This article originally appeared on VICE Germany.
Some people will do whatever they can to attract attention. They'll go on a naked dating show, for example, or stand for an election. But others can find themselves at the center of attention just by going about their day, whether they like it or not. One of those people is Bijan Kaffenberger, who has Tourette syndrome.
Tourette is a neurological disorder that manifests itself in tics—sudden, involuntary movements and sounds. The first symptoms, like blinking and twitching, generally start when people affected by it are about six or seven years old. Only 10 to 15 percent also have coprolalia, the urge to vocalize swearwords. Medication can help reduce the tics, but there's no absolute cure for Tourette.
Bijan, 27, was born in Darmstadt, Germany and lives in Frankfurt. After studying economics, he now works as a consultant for the Ministry of Economics in the German federal state of Thuringia. In his free time, he watches every home game of his favorite soccer team, SV Darmstadt 98, and hosts a YouTube show called Tourettikette, where he answers viewers' questions about style and etiquette.
I went to see him in Frankfurt and asked him some more questions about what it's like to live with Tourette.
VICE: Have you ever called someone a name on purpose and then blamed it on Tourette?
Bijan Kaffenberger: No, I haven't. If I honestly tell someone they're an asshole, I mean it, and I won't hide behind anything. I find it pretty difficult to keep things like that to myself, to be honest. You need to be able to deal with that if you want to spend time with me.
Have you ever exploited your syndrome in any other way?
There was a rumor going around that I grope women's breasts, but I really don't. I do use my Tourette sometimes to get out of having to do the dishes, but that's really for the best—I could break everything. I once met a girl who I asked to tie my shoelaces. She actually did it, and I laughed so hard she finally caught on I was just taking the piss. I have no trouble tying my shoelaces.
What is oral sex like with Tourette?
If I'm relaxed and can let myself go, I don't have as many tics. It would be terrible if oral sex wasn't an option for people with Tourette. Generally, it doesn't get in the way of sex at all.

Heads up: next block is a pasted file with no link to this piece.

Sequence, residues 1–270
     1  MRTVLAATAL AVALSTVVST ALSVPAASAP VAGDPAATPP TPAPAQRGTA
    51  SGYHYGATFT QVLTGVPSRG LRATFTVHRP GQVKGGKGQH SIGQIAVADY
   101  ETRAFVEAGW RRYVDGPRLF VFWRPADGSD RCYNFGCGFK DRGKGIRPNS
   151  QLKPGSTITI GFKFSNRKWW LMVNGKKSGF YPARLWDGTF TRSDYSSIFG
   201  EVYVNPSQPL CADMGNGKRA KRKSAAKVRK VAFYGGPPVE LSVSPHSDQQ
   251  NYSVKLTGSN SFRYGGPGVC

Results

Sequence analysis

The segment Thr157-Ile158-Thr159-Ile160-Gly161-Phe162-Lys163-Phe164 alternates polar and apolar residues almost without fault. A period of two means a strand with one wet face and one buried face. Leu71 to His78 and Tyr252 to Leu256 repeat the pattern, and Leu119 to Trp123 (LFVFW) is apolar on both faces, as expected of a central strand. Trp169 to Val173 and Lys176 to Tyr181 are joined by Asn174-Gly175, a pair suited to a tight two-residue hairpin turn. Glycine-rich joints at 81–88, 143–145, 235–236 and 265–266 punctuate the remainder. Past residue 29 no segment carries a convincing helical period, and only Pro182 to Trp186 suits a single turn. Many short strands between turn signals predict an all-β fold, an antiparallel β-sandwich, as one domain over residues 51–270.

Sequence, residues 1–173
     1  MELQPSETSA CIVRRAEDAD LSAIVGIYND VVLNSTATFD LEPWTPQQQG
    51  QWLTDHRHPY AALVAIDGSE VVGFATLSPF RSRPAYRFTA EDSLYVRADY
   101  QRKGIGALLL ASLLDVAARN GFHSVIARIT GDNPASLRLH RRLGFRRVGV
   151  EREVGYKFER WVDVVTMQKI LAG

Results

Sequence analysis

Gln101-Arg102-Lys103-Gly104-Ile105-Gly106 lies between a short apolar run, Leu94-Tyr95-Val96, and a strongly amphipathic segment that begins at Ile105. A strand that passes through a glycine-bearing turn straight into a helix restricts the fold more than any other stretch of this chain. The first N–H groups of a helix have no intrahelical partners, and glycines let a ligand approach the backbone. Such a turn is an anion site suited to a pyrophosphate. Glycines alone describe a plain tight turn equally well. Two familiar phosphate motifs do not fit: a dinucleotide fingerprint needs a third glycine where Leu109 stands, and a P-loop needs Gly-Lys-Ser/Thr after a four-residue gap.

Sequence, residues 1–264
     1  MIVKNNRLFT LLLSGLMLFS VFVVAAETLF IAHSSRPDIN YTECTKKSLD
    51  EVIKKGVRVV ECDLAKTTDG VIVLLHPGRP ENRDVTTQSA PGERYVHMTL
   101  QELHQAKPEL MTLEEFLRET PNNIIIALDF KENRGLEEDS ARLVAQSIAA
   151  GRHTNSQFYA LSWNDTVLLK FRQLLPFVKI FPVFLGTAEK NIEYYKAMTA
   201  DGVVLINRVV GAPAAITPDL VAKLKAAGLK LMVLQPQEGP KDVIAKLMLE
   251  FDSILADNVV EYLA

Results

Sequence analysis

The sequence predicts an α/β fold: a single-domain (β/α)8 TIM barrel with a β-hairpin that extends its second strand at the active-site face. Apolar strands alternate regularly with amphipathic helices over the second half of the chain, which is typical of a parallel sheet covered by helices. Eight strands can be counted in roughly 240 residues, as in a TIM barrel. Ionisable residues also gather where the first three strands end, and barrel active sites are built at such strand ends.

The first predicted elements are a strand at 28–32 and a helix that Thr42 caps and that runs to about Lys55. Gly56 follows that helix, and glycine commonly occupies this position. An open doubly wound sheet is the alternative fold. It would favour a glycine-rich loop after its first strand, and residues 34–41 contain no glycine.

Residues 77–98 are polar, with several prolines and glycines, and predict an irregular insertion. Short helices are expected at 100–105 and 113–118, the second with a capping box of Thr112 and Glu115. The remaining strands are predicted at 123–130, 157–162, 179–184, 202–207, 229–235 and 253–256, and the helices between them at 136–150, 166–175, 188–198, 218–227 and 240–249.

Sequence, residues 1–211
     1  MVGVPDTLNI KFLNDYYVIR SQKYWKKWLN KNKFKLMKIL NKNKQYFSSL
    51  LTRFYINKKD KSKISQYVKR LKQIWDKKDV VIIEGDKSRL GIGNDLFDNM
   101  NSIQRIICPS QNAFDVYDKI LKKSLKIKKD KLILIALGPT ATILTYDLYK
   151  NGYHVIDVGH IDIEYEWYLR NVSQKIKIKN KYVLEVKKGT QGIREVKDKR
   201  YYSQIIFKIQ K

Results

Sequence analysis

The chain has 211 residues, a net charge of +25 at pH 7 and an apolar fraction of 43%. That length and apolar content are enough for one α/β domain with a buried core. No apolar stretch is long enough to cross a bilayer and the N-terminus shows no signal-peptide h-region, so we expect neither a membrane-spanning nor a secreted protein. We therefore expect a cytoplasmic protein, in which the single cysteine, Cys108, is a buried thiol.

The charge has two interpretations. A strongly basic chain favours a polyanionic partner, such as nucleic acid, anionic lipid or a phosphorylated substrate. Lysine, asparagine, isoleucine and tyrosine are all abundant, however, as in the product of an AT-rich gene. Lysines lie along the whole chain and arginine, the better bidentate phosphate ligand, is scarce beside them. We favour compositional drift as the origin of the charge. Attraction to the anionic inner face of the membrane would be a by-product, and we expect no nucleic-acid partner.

Should I stay away from you when you're holding a knife?
I love cooking, but I'm not comfortable holding sharp knives. You won't be the only one in danger, though—my tics will most likely move the knife toward myself in ways I can't control. I trust myself and have a good sense of my own body, but I'm still scared I might hurt somebody. I've never accidentally stabbed anyone, but I have accidentally burned someone with a cigarette butt. There aren't any laws that people with Tourette can't drive, but I think I'd be a danger to myself and the world around me if I got behind the wheel. I couldn't do that to my grandmother. She's a really nice lady who always worries about me—she thought it was already too dangerous for me to ride a bicycle [laughs].
What was your worst experience caused by Tourette like?
When I was about ten, I went to an observatory with the Boy Scouts. We were all so excited about it. It was completely dark, but there were projections, and we could watch the stars while someone from the observatory was giving a presentation. I was so excited I kept shouting things out. Nothing complex or offensive, just loud coughs and noises. The worst thing was that I wasn't able to explain what was going on, why I was doing that. When you're a kid, you're pretty much helpless—which is probably why I remember that time in the observatory so vividly. In general, I have more tics when I'm stressed or around a lot of people. Being in a situation where I know I have to be quiet makes it a little harder.
Does it suck to not have complete control over your own body?
I wouldn't say I have less control over my body than other people, even if it seems like it. I don't know what it's like not to have it, so I can't tell you if it sucks. I'm used to it.
Does it upset you if strangers laugh about your tics?
Some people don't understand it and stare or laugh. It's not great, but it doesn't affect me that much. But when someone makes an ignorant comment or is obviously making fun of me, I confront that person. I can't deal with people talking shit. If I have to explain twice to someone, "I didn't mean that, I have Tourette," and they still ask stupid questions or insinuate I'm doing it on purpose, I feel I'm completely right to tell them off.
Does it offend you when people joke about Tourette in general?
The film Lommbock will be released next year. It's the sequel to the 2001 German comedy Lammbock, about two stoner pizza delivery guys. There's a guy with Tourette living in a trailer outside the pizzeria, and he's hilarious. I can laugh at that; I can laugh at myself. I won't laugh at lazy or shallow jokes—no matter whether they are about Tourette's or not.
Do illegal drugs help you with Tourette?
I was prescribed pills against Tourette and ADHD, but I quit them when I was 14. It's difficult to drink alcohol when you're taking them, for example. They make you tired and drowsy. I smoked weed when I was younger, but I can't tell you whether it [was good because it] was a form of self-therapy or just because I liked it. It's good for me—it relaxes me—but I grew out of it.